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Friday, 5 April 2013

German official slams republication of 'Mein Kampf'

Seventy years after Hilter's death, the copyright of 'Mein Kampf' will expire in Europe, and the novel will enter the public domain.

Adolf Hitler
Adolf Hitler Photo: REUTERS/Stringer .
A member of Germany's opposition Social Democratic Party (SPD) strongly objects to Germany republishing Adolf Hilter's Mein Kampf, reported German international broadcaster Deutche Welle.

The exposition of Hitler's political ideologies, that eventually led to the rise of the Nazi regime and the extermination of 6 million Jews during the Holocaust, will be considered public domain once its copyright law expires in 2015, said DW.

European law states that a copyright law is void once the author of a publication has been dead for 70 years. According to DW, that will mark December 31, 2015 as the first day anyone can legally publish or distribute Hitler's writings. The rights are reportedly in the possession of the German state of Bavaria.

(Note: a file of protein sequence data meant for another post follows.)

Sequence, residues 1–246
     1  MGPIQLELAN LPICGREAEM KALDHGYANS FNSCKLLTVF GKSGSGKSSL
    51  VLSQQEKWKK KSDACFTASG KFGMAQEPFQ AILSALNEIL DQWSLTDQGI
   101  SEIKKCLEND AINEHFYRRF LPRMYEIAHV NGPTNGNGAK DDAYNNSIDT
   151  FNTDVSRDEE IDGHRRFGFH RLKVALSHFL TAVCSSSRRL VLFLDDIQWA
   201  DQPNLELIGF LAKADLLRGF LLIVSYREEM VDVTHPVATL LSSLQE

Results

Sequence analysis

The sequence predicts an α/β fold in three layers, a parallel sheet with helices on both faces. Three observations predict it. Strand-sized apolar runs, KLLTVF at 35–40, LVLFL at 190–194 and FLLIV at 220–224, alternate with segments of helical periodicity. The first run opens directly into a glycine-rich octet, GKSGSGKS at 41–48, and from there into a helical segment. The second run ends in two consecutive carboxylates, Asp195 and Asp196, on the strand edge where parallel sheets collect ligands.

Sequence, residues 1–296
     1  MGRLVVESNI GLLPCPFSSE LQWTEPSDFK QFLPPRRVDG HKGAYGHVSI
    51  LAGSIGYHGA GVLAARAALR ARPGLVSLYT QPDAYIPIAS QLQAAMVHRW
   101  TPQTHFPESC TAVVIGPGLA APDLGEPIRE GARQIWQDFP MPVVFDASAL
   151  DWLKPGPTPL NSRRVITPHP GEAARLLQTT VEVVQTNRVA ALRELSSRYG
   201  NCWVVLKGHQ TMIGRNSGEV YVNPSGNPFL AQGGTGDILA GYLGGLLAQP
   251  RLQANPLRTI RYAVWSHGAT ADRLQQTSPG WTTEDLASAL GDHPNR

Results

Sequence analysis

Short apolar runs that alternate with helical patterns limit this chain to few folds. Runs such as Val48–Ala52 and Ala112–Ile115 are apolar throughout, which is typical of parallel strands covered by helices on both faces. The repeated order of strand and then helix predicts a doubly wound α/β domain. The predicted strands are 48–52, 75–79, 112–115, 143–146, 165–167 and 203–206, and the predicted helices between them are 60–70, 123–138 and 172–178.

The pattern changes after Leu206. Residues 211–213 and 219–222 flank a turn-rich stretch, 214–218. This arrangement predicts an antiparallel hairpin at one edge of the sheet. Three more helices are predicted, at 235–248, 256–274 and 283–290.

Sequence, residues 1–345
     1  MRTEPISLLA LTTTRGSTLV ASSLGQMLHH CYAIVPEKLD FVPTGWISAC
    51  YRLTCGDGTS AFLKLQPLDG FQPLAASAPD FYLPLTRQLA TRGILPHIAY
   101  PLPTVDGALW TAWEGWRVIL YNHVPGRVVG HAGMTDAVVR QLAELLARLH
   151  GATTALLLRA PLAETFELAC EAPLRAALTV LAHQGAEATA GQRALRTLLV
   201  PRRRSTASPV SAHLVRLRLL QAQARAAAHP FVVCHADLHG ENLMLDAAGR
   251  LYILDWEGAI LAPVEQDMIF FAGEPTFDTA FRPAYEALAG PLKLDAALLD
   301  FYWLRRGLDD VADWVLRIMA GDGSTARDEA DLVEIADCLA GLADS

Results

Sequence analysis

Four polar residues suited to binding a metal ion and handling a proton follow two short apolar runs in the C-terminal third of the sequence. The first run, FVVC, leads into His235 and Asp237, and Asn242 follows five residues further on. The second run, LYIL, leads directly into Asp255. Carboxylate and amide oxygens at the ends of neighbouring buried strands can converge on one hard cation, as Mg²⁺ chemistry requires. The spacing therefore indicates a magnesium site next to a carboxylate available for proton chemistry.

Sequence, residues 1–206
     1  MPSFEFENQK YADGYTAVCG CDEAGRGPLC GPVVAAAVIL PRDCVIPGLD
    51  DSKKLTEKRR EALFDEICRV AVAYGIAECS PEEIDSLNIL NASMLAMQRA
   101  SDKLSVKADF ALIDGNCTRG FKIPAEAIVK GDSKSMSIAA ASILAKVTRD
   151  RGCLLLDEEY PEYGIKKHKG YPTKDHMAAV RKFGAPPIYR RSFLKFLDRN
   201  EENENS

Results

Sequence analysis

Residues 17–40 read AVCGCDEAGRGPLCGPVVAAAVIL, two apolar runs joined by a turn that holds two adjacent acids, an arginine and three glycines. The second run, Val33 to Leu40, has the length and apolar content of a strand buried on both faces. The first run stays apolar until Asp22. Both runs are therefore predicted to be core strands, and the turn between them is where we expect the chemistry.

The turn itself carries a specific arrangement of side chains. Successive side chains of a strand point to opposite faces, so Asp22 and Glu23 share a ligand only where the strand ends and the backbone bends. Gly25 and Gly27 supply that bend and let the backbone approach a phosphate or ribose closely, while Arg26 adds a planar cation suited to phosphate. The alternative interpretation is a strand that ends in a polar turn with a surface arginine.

German parliamentarian Burkhard Lischka of The SPD told DW that he would find it an insult to victims of the Holocaust if Mein Kampf were to become available in German bookstores.

"That has to be prevented with every legal means available," Lischka said to DW. "I think that sorry book has a permanent place in history's dustbin."

Lischka also told DW that publishing this in Germany once again would "send a fatal signal," and that based on German history, they have a "unique responsibility."

Since 2009, the Institute of Contemporary History (IfZ), based in Berlin and Munich, has reportedly been working on their own edition of Mein Kampf which includes commentary, an educational tool to provide "profound historical analysis of the Nazi dictatorship," DW quoted a IfZ official as saying.

Lischka allegedly disagreed and warned DW that this could lead to the possibility that right-wing extremists will re-publish the book with "commentary none of us would want."

Lawyer Tim Hoesmann views things similarly to IfZ, according to the German broadcaster. "I think it's a step in the right direction. If the book's completely forbidden, the myths surrounding it will continue to grow."

Numerous exerpts from Hitler's book can easily be found and read on the internet, and the German justice system is effectively powerless to stop it. That's in addition to the many countries throughout the world that allow Mein Kampf to be sold in bookstores, since the copyright law is restrcited to Europe.

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